Thursday, April 4, 2013

Artist of the Month: Respighi/Botticelli

William O’Connor

For as long as I can remember my love of classical art has gone hand in hand with a love of classical music.  Understanding of one seems to heighten the understanding and appreciation of the other.  Both art forms hold many of the same characteristics: form, color, texture, composition  and not least of all, virtuosic craftsmanship.  So in this installment of Artist of the Month I’m going to highlight two artists, from two different fields of art, separated by centuries, one inspired by the other. 

The inspiration begins with three paintings of Sandro Botticelli (1445-1510).  The three paintings are “Primavera (Spring)” (1482), "The Adoration of the Magi” (1500), and  “The Birth of Venus” (1485) 

Botticelli was an early renaissance painter of the italian school, and although the majority of the subjects he painted during his lifetime were of Catholic stories, the newly discovered classical mythologies of the ancients were entering into the artist’s vocabulary along with the mathematics and architecture of the age.  But what do these three paintings have in common?  Birth.  The Birth of Venus emerging from her shell, and Primavera, the embodiment of Spring reveling in the awakening of nature, flanking in the middle the image of the new born Christ celebrated by a host of onlookers, including a self portrait of Botticelli himself.  Being that this is Easter and Spring I thought that his was the perfect opportunity to highlight these works.  The spiritual adoration of Botticelli’s work combined with the ancient celebrations combined these many faiths with Botticelli’s rhapsodic compositions and joyous colors.

Almost 500 years after Botticelli paints these images composer Ottorino Respighi (1879-1936) creates the Botticelli Triptych or Trittico Botticelliano inspired by the three paintings in 1927.  The emotion of joy and celebration in Respighi’s work truly captures the mood of the renaissance images.  I hope that watching and listening to these works together will heighten your appreciation for both artists and help illustrate how similar the two art forms truly are.


  1. Excellent post, William! I was also thinking of writing a post in which I intended to point out the connection between the visual arts and the classical music and why I think I became a better artist by listening to the classical music, especially J.S. Bach. But because you already posted your version of the topic I don’t think it is necessary to write another one about the same subject.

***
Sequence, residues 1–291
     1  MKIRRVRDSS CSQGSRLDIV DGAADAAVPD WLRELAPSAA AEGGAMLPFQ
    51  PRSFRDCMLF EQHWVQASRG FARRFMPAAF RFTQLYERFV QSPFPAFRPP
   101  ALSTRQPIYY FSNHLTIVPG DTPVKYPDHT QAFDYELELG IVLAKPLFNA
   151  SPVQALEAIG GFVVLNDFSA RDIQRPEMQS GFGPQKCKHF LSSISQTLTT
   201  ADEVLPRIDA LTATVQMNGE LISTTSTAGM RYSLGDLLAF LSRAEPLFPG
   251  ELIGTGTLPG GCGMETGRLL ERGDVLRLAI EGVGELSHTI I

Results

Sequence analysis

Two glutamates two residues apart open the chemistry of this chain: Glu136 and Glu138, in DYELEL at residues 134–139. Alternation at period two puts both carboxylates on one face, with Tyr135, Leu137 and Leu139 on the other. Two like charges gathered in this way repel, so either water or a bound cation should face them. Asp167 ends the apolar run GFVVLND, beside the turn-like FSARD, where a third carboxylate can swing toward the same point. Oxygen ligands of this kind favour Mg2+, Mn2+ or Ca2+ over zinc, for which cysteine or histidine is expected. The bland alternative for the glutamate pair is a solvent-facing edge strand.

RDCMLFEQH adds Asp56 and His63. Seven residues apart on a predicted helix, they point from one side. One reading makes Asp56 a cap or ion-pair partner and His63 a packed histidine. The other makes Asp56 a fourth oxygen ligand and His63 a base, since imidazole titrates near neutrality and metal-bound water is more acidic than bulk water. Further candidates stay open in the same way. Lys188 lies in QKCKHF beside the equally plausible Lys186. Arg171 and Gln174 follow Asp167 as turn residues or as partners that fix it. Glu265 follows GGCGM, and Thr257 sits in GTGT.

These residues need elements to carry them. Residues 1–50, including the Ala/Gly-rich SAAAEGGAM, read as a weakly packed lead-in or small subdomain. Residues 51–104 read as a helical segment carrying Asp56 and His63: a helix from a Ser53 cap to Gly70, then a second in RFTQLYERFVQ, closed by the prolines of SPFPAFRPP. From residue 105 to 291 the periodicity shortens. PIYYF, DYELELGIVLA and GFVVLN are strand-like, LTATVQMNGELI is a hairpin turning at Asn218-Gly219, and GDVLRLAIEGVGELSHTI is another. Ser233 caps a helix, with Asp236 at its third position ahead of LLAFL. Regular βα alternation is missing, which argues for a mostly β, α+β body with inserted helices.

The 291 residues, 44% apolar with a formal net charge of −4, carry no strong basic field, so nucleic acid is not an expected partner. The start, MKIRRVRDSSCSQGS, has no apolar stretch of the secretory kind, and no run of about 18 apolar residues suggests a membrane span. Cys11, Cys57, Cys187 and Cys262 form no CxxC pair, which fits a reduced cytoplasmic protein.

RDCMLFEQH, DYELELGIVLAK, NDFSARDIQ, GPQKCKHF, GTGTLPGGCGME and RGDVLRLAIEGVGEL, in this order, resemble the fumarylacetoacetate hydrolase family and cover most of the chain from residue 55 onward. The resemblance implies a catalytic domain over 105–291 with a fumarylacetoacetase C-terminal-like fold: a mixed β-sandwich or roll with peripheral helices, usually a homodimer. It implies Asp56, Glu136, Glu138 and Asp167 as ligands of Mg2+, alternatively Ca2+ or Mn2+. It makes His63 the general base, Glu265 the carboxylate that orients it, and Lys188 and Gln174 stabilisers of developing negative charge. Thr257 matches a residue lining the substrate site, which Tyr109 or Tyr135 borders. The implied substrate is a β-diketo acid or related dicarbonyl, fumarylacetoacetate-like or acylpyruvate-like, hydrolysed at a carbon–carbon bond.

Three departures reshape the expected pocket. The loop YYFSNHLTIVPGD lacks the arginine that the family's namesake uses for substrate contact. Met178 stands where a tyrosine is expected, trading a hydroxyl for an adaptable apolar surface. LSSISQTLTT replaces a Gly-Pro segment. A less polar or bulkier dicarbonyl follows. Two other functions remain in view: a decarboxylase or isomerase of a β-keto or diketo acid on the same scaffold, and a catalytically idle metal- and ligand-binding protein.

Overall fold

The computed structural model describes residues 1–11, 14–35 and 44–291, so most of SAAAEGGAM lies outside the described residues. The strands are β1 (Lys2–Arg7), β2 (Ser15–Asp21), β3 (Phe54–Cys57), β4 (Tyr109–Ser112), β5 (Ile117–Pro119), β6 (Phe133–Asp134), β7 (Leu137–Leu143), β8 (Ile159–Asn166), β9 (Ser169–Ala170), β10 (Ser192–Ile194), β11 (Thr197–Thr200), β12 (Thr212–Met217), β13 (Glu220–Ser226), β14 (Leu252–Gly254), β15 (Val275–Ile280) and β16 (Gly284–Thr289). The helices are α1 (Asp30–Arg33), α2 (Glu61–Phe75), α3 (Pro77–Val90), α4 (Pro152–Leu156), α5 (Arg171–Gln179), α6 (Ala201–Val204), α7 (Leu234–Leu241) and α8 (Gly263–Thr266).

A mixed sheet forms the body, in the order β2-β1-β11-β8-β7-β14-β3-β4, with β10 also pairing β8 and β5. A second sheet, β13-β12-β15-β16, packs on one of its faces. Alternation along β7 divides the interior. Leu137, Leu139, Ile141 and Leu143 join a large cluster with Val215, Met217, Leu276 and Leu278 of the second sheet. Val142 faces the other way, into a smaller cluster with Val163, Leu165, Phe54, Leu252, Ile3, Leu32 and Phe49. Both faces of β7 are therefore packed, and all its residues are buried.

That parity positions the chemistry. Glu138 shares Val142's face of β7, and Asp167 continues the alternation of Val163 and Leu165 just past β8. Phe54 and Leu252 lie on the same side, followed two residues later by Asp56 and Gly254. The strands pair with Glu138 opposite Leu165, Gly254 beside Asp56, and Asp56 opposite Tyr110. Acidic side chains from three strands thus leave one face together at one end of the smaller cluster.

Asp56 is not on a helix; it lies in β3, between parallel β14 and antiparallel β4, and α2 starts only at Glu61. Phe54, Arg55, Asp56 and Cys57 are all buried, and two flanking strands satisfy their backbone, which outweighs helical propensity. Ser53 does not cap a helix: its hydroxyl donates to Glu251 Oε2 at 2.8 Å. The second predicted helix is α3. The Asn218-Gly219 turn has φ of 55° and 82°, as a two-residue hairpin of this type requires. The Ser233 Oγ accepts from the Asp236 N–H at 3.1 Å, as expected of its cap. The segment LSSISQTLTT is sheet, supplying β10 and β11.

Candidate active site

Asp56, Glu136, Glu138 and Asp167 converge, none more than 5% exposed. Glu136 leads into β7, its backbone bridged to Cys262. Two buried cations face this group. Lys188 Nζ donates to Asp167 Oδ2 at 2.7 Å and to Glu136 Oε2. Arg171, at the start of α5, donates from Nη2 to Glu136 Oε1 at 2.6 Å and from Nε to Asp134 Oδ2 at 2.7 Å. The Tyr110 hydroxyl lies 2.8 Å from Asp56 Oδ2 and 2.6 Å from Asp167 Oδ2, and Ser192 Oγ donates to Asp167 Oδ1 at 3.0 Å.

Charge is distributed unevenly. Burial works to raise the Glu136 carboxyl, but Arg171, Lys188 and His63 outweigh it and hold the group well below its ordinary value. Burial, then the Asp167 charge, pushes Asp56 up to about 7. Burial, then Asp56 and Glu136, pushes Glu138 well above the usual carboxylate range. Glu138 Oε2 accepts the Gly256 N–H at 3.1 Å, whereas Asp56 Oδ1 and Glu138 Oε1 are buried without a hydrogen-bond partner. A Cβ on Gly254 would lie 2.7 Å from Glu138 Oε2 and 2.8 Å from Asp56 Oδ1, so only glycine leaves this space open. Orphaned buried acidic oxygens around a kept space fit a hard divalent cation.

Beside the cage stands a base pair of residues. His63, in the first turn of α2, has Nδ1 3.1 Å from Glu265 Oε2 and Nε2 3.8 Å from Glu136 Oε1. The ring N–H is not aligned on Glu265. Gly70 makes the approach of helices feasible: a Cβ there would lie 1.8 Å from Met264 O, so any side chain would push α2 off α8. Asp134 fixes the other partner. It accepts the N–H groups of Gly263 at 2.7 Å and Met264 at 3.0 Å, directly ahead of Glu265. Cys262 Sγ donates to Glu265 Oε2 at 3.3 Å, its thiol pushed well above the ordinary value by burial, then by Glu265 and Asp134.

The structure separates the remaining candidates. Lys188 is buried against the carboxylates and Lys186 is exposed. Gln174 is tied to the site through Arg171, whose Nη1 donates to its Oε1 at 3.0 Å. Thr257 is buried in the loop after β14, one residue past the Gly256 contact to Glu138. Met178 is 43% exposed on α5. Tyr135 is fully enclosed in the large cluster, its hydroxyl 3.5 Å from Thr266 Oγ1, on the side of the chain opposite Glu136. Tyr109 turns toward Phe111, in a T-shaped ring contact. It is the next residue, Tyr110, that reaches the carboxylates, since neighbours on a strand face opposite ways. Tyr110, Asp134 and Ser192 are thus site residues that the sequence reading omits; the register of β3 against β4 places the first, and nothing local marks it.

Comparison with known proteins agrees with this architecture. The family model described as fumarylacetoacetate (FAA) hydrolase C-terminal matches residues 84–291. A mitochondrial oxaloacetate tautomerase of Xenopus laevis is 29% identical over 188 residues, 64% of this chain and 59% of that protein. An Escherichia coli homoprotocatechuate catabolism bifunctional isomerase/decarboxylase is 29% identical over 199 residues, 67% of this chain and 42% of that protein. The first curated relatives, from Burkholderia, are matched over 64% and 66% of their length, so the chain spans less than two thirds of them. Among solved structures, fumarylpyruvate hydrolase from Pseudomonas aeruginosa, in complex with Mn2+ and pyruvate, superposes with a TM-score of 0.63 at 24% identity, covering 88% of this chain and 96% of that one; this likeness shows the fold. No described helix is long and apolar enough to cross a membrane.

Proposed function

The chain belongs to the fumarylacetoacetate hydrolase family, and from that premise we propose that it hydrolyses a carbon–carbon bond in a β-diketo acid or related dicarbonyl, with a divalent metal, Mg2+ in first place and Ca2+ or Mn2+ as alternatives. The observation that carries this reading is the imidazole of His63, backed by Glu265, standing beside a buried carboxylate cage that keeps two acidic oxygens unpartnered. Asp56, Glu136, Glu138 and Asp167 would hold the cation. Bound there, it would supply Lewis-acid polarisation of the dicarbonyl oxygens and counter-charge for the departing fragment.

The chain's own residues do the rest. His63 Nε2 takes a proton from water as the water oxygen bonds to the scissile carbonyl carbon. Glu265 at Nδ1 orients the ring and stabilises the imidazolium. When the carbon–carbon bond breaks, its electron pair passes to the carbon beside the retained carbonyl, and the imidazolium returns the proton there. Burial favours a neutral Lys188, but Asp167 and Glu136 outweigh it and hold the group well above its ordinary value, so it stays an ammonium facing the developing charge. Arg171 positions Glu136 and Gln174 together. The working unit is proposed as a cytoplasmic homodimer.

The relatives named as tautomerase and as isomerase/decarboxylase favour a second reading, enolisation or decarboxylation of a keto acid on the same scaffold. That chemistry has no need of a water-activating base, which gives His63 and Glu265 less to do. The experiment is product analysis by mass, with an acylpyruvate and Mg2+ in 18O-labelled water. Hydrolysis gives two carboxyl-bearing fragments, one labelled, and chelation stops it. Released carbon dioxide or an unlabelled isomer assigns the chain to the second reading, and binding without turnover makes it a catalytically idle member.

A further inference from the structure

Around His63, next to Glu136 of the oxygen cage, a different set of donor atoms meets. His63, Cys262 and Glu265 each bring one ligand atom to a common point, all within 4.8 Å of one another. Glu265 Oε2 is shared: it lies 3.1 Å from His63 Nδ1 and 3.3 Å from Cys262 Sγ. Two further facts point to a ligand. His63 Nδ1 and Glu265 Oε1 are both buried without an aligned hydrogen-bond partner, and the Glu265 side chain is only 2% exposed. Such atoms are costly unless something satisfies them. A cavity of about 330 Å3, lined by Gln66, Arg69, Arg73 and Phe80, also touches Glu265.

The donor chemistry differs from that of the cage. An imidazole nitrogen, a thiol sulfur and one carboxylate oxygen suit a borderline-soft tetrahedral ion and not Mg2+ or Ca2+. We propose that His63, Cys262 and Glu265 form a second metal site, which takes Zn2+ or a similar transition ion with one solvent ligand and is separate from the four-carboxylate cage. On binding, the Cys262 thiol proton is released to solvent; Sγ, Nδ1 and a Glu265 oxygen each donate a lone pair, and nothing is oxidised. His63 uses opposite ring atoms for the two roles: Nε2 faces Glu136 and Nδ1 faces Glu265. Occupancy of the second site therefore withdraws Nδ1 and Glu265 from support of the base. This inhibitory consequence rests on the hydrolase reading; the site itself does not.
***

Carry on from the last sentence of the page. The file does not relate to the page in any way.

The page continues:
Well done!

    1. Thank you Petar, for me the interconnection between music and painting has always been strong. I've never been moved to tears by painting, but I have with music.

    2. I hope you do write a bog on the subject. I'd love to hear your thoughts.

  2. Actually Petar, myself and probably quite a few others, would be very interested in a post by you about why you think you became a better artist by listening to classical musical, especially J. S. Bach. Personally I never listened to it until I turned 40, and now it's about 85% of what I listen to.

    1. Although I started to buy records of classical music when I was an art student, it was not before I turned 40 (just as you, Ces) that I started to listen to this music on a regular (daily) basis. Classical music did not only give me the enormous pleasure and enriched my life, it also changed me in a way, and with it my work changed as well…

      Well, William and Ces, I might write a little post about this topic after all. I just need more time and space in my head in order to do it properly

  3. I have also thought a lot about the link between music and art, but more in terms of comic/commercial art. For example, the similarities between line weights, rendering techniques, combination of media, realism or distortion, etc. and the tone of the instruments, the little technical trills and emphasis, the combination of instruments, the beat, bending of notes, etc. to convey unique emotions and sensations.

    I like to pair up artists and musicians that I feel are expressing similar ideas, emotions and sensations. For example, I think that Queen and Richard Corben are similar in that their works are over the top, dramatic, lush, distorted for emphasis, rich in tone and color, etc. The more classically oriented Golden and Silver Age artists (Frazetta, Wood, Williamson, Raymond, Foster, etc.) are not exactly classical music, because they are for popular consumption and very dramatic, because of the "non classical" media they use, etc. But they might be comparable to classic rock, those bands or individuals that are excellent technical musicians and play a "classical" style of popular music. Many of the newer artists who are drawing in a deliberately distorted style, with very over saturated colors, etc. to convey powerful, often negative emotions, might be analogous to heavy metal.

    Anyway, you get the idea, even if the technical analysis presented here is very superficial.